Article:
About Grief & Loss
The death of a loved one is probably the ultimate, biggest loss an individual can experience.
There are so many cultural, societal, religious and gender 'norms' that you have probably formed an expectation of how you're 'meant to feel' and how long you're 'meant to grieve'.
In reality, though, each person's grieving process is completely unique. Although much is now understood about the stages of grief and loss, it's also important to remember that just as we are all individuals, so too are our experiences of and responses to grief and loss.
Back in the 1960's Elisabeth Kübler-Ross wrote a book, 'On Death and Dying', which introduced the now famous 'five stages of grief'. These stages form the most well-known and established framework for learning to live with loss. Please bear in mind this is a framework only and we may neither go through each stage nor pass from one to another sequentially. We may flip and flop between each of them for days, weeks and months. But understanding them can be helpful to give context to what can seem like unusual and upsetting reactions.
This first stage - denial - helps us to survive the loss. In this stage, the world becomes meaningless, overwhelming and life makes little sense to us. We are in a state of shock and denial. We feel numb. We wonder how we can go on, if we can go on, why we should go on. Getting through each day seems a major task. Denial helps us to pace our feelings of grief. It's our in-built mechanism to ensure we only let in as much as we can handle at the time. As you accept the reality of the loss and start to ask yourself questions, you are unknowingly beginning the healing process. You are becoming stronger, and the denial is beginning to fade. But as you proceed, all the feelings you were denying begin to surface. This can be a very distressing time.
Anger is a necessary stage of the healing process. Feeling anger can be scary at any time and particularly during grief because it can be hard to understand. How can I feel angry when I have just lost someone/something? Anger can also give rise to guilt because we think we shouldn't feel angry. Being willing to feel your anger is important, but it can also be difficult. It may feel like it is uncontrollable, undirected and may never end.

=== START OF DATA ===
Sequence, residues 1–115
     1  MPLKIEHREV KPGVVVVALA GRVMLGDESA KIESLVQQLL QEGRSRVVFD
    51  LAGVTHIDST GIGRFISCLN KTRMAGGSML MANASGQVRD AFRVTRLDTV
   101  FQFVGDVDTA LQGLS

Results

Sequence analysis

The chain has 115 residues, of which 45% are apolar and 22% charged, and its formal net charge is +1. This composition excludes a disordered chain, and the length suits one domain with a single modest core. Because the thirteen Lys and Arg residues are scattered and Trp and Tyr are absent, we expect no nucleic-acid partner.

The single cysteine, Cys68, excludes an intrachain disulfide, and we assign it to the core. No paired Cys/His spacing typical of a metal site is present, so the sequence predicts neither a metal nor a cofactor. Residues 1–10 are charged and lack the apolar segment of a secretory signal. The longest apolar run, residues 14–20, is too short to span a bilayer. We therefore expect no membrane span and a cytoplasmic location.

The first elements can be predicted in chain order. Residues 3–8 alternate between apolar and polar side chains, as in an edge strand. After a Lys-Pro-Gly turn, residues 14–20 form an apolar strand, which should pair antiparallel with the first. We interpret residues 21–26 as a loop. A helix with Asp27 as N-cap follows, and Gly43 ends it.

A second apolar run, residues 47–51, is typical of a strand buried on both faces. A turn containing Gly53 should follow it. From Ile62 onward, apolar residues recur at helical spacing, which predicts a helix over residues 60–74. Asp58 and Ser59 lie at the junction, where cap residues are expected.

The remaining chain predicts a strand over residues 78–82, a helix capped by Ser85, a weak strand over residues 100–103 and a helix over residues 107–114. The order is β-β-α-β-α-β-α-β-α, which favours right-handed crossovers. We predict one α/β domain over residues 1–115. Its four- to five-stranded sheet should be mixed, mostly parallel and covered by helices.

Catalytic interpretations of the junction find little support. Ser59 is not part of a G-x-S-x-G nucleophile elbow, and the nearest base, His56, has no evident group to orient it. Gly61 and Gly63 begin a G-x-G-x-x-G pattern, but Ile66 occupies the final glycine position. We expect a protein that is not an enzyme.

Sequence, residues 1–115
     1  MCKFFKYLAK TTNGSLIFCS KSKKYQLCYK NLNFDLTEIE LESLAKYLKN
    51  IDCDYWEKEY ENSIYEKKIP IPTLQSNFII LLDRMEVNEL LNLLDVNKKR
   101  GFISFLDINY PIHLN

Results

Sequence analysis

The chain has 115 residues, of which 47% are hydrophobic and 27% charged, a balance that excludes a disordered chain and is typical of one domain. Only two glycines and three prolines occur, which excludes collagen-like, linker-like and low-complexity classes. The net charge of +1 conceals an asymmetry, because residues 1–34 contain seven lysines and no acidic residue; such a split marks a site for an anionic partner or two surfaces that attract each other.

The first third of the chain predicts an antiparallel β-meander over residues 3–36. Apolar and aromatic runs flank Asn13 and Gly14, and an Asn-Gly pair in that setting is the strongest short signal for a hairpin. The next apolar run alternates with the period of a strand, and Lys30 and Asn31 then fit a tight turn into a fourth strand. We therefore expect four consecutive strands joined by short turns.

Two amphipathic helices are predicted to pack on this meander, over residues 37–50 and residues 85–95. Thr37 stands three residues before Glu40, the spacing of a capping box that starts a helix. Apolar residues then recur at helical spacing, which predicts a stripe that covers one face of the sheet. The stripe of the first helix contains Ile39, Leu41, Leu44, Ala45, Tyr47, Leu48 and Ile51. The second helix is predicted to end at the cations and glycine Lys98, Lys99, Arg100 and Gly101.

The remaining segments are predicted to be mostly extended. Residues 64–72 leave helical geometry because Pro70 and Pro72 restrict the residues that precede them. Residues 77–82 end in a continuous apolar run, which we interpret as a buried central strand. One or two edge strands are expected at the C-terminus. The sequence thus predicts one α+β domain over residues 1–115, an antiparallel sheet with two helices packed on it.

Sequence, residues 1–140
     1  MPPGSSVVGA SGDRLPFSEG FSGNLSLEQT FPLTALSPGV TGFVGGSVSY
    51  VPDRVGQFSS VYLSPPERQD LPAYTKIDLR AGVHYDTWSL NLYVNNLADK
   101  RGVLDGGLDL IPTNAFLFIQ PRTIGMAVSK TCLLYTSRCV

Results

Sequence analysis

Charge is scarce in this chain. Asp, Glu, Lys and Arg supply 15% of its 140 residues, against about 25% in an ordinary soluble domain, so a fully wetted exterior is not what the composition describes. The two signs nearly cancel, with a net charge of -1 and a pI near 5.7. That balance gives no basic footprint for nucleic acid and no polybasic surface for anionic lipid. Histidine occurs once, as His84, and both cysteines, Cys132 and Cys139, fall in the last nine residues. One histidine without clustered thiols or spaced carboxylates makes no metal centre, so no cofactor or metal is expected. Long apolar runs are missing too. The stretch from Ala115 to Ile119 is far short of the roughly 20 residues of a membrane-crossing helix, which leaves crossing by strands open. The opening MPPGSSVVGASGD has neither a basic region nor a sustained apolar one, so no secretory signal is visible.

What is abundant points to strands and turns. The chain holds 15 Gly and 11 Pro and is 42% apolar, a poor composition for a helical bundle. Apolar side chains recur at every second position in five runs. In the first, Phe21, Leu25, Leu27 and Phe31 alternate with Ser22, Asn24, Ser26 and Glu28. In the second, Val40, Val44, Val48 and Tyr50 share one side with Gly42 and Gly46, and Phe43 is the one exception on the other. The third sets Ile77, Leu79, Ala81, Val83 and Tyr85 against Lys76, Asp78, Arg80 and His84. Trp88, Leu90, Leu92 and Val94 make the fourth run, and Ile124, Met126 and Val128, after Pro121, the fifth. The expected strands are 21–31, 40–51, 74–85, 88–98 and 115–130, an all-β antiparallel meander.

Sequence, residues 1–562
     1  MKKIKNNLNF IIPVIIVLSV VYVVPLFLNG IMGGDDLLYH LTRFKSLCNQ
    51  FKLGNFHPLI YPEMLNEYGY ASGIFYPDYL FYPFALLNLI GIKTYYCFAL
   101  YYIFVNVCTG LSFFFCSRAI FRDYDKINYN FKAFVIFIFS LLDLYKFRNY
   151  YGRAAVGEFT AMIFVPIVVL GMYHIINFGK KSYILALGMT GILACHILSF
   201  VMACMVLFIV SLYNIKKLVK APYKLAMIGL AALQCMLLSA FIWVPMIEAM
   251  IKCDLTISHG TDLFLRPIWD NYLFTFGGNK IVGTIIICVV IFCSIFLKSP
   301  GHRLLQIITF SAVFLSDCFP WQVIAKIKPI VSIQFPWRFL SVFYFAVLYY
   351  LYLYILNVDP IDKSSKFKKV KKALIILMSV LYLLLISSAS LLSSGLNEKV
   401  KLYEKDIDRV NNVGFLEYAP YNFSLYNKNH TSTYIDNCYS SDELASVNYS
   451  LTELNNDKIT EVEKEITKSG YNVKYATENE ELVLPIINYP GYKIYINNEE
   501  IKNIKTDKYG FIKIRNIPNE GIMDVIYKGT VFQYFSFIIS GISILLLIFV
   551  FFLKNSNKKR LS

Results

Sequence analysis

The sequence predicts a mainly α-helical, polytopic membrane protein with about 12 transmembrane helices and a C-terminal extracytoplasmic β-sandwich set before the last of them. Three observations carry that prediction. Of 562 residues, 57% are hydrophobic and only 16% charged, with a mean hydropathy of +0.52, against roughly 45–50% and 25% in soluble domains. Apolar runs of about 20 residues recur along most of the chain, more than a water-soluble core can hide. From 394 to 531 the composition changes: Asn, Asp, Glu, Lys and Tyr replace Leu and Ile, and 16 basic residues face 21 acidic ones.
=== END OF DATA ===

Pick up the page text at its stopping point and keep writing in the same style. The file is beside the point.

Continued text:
Before a loss, it seems like you will do anything if only your loved one would be spared. During this stage we may become transfixed with questions such as ' If only ' and ' What if? ' Guilt often goes hand-in-hand with bargaining. The ' if only ' can haunt us and keep us locked in the past. Moving out of the past and into the present is when our grief becomes its most real.
Once we move into the present, feelings of emptiness and depression may ebb and flow. We may withdraw from life, have intense feelings of sadness and wonder how we'll cope with the loss. It's important to understand this depression is not a sign of mental illness. It is the appropriate response to a great loss. When you suffer a great loss, it is understandable you'll feel depressed. Experiencing such sadness is another necessary step in the healing process.
This stage is when we can accept we have experienced a loss and there is now a new and permanent reality. It's likely there's a part of you that will always wish it wasn't this way, that you had never experienced the loss. But in this stage you accept this is how it is, and you are able to get on with your life in a different way. You are able to readjust, make changes and establish new connections.
Dealing with grief and loss
Allowing yourself to grieve is critical to your healing process. If you are having problems or are concerned for someone who may be having problems, please seek professional help.
Think of me as one at rest,
for me you should not weep
I have no pain no troubled thoughts
for I am just asleep
The living, thinking me that was,
is now forever still
And life goes on without me now,
as time forever will.
If your heart is heavy now
because I've gone away
Dwell not long upon it friend
For none of us can stay
Those of you who liked me,
I sincerely thank you all
And those of you who loved me,
I thank you most of all.
And in my fleeting lifespan,
as time went rushing by
I found some time to hesitate,
to laugh, to love, to cry
Matters it now if time began
If time will ever cease?
I was here, I used it all,
and now I am at peace.